Jump Trading, a Chicago-based quantitative trading firm, faced losses exceeding $200 million due to FTX’s bankruptcy, as revealed in Michael Lewis’ book “Going Infinite.” The book draws insights from confidential documentation obtained by Constance Wang, the former COO of FTX.
Jump Trading’s losses and FTX bankruptcy
Lewis reported that FTX owed $8.7 billion to over 10 million account holders, with nearly half of that amount concentrated in the top 50 accounts. Surprisingly, half of these accounts remained anonymous. Notable accounts, including one affiliated with Jump Trading called “Tai Mo Shan Limited,” suffered losses exceeding $75 million. Another account named Virtu Financial Singapore recorded losses of over $10 million. Many of these unidentified accounts belonged to FTX employees. Wang herself experienced significant personal losses, leaving her with only $80,000 in a separate bank account after losing approximately $25 million.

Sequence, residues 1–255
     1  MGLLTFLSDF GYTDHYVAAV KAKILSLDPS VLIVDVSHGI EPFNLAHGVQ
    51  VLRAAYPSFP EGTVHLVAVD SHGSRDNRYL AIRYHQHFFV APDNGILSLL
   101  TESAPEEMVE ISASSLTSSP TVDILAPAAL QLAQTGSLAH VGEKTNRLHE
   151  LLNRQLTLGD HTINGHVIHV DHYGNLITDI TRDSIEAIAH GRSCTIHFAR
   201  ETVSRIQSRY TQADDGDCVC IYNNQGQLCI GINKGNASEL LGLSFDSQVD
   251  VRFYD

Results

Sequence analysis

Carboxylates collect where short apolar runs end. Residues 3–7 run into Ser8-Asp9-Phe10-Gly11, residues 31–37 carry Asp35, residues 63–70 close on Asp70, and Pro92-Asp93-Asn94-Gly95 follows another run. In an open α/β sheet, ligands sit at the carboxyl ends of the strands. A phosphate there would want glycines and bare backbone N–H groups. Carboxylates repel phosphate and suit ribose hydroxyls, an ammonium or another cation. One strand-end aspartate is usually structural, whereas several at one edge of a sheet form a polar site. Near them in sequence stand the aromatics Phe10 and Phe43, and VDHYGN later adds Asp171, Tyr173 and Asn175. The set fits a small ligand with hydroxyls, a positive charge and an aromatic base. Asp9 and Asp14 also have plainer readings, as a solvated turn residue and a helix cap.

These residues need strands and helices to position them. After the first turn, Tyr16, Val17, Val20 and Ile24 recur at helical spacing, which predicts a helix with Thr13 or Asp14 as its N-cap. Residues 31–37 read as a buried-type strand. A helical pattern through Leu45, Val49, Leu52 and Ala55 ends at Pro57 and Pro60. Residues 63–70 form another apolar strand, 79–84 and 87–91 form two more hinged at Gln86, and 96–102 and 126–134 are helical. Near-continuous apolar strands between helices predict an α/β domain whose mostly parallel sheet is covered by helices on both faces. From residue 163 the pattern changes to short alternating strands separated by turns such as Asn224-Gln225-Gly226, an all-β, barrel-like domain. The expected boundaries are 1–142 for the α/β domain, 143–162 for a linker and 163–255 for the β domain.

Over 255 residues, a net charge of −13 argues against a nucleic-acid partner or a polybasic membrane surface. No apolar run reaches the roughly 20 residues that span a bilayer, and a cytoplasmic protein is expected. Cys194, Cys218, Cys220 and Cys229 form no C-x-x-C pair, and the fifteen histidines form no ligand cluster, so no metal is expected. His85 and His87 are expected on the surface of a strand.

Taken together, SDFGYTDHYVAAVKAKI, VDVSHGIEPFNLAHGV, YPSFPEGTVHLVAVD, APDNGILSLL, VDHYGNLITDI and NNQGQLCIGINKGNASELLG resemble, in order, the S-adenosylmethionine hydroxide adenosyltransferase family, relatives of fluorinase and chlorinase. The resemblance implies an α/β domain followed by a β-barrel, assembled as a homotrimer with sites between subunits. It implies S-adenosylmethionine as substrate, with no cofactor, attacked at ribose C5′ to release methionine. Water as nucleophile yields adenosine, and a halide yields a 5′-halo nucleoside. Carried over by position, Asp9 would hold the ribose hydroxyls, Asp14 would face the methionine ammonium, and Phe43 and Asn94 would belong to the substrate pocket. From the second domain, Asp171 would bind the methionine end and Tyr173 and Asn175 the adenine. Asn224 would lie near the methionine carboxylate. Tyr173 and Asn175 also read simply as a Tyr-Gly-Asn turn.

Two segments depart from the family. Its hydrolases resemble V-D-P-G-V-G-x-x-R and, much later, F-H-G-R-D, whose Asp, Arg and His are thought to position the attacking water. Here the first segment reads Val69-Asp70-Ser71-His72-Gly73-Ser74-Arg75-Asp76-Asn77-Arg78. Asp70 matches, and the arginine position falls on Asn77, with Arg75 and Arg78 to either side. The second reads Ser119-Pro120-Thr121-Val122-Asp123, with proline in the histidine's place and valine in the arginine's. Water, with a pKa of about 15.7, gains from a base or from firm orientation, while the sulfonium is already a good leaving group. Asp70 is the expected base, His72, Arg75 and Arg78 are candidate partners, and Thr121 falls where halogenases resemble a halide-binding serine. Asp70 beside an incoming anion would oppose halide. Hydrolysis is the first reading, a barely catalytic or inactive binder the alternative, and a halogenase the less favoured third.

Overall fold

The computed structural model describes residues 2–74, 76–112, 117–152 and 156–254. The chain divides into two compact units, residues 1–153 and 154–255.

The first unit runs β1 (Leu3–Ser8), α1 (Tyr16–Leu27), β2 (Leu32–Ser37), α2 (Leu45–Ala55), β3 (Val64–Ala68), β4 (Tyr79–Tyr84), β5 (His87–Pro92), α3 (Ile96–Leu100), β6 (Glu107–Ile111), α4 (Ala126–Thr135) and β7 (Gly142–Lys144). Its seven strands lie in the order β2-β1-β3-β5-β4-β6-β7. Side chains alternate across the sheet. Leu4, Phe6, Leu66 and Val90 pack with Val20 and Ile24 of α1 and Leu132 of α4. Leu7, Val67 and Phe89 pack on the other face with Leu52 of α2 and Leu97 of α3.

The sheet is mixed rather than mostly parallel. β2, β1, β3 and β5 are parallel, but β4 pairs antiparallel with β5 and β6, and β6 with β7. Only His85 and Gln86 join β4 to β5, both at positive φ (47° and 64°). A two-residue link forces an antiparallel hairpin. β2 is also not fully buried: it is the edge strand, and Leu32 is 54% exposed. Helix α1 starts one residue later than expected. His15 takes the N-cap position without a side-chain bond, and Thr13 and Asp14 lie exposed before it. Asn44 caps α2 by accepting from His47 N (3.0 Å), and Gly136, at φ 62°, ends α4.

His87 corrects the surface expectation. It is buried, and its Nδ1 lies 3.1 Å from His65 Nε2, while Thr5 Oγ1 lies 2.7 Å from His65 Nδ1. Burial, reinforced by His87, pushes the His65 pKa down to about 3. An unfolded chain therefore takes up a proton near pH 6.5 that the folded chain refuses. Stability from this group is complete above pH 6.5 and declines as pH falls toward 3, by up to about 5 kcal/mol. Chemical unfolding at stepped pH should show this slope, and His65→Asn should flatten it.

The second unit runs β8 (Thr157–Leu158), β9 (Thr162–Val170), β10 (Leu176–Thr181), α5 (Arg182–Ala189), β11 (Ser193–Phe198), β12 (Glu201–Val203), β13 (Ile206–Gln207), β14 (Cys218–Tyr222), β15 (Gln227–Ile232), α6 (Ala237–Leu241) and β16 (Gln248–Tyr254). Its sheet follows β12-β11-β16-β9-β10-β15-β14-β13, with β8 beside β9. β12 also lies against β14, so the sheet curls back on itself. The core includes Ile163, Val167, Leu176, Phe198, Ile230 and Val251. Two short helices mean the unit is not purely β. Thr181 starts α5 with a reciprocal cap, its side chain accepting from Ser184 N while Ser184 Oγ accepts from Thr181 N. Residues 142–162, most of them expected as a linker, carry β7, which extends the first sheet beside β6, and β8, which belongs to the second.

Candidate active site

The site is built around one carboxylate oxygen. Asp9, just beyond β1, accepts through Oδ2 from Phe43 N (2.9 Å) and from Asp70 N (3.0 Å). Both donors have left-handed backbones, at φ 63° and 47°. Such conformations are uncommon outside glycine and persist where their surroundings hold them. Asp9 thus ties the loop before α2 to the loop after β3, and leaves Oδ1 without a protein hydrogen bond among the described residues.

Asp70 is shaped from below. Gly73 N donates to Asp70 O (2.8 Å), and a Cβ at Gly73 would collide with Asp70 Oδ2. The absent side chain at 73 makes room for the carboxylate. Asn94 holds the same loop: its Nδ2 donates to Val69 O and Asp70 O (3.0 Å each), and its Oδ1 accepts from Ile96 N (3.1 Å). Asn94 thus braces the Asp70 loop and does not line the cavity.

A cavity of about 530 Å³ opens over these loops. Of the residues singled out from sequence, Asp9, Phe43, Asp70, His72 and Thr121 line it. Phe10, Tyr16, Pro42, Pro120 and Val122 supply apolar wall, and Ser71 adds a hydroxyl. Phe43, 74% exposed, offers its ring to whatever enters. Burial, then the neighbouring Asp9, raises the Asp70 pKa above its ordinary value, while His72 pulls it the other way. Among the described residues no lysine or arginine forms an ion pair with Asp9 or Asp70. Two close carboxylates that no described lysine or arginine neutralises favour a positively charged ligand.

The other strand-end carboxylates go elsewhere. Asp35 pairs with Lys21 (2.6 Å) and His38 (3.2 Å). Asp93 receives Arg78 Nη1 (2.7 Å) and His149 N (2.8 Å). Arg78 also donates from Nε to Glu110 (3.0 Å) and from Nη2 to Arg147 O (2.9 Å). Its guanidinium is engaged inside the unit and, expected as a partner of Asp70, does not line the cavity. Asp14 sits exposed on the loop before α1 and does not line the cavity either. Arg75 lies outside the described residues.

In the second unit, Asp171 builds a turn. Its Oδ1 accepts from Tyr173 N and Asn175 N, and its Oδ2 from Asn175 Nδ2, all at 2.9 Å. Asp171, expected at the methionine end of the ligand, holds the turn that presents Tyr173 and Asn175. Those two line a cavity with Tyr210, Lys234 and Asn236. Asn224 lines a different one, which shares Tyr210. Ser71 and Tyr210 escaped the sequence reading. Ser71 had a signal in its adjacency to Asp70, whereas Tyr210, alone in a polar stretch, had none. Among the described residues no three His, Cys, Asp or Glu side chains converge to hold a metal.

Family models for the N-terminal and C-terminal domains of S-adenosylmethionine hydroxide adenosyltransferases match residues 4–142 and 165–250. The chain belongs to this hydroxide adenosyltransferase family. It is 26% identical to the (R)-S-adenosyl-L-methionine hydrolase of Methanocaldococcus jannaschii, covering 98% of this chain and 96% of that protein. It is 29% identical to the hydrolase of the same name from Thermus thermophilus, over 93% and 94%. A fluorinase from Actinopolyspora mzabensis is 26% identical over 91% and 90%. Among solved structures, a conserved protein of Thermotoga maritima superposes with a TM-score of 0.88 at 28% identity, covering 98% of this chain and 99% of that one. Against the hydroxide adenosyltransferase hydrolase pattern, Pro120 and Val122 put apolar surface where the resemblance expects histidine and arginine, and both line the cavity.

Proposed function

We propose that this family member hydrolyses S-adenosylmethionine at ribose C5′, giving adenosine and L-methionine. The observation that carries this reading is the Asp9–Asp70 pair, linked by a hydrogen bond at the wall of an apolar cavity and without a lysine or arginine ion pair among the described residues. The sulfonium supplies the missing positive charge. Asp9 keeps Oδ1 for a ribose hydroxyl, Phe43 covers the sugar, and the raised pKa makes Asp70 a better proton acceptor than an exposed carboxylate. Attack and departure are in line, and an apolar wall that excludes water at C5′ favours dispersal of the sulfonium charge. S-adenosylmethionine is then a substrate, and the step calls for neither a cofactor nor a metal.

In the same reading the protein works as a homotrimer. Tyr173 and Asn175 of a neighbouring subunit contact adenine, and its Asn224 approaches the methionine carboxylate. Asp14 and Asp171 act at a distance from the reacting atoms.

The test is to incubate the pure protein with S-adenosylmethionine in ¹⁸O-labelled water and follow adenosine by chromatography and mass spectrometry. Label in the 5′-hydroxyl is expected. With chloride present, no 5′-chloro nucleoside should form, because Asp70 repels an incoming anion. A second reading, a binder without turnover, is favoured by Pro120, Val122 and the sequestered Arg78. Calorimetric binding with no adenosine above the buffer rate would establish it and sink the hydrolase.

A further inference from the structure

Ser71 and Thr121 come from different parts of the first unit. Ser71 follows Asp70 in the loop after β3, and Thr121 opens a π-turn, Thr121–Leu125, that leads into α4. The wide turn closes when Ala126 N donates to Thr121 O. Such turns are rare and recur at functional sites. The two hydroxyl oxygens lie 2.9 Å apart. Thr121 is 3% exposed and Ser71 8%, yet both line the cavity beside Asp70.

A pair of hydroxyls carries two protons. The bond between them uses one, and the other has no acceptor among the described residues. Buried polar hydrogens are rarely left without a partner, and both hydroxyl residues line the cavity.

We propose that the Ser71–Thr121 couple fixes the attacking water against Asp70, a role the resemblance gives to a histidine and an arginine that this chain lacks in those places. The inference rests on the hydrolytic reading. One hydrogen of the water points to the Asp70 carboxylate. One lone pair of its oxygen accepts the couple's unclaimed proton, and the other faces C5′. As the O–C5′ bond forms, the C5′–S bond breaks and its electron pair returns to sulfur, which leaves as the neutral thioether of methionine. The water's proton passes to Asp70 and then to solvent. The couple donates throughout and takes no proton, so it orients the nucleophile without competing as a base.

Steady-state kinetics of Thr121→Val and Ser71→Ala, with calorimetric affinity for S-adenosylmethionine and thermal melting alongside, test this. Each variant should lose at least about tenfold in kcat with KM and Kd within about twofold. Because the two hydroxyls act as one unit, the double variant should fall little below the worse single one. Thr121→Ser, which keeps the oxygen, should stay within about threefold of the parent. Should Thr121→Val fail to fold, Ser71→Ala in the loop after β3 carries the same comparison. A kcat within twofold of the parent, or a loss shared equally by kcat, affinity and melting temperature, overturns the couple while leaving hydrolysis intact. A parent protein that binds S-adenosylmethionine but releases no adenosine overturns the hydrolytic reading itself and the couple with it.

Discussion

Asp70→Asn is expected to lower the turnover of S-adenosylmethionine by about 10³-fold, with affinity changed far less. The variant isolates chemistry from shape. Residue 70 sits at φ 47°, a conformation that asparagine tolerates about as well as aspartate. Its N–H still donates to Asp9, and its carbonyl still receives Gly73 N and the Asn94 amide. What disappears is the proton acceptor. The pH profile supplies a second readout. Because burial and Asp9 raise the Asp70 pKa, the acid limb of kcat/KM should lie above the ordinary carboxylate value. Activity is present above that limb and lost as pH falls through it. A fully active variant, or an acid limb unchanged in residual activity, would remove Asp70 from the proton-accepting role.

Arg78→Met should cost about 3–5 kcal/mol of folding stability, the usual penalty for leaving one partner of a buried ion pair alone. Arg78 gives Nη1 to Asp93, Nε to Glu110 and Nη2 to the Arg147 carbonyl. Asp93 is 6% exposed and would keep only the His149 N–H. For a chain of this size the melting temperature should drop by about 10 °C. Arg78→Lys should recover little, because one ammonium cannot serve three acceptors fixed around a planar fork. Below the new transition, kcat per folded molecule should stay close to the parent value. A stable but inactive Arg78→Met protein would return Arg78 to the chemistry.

The 50 Biggest Losers
Wang, as the head of the sales team at FTX, was aware of complaints from high-frequency traders suspecting a close relationship between FTX and Alameda Research, a crypto trading firm founded by Sam Bankman-Fried, FTX’s CEO.
Alleged relationship between FTX and Alameda Research
Wang’s attention was captured by a document revealing the latest balance sheet of Alameda Research, which contrasted sharply with previous versions. Bankman-Fried had personally invested $4.7 billion in various projects but had also borrowed over $10 billion from FTX customers’ deposits and allocated them to his private trading fund.
The Mysterious Balance Sheet
The book “Going Infinite,” released on October 3rd, has created significant buzz within the crypto community. It uncovers one of the most notorious scandals in cryptocurrency history, shedding light on the industry’s dark underbelly.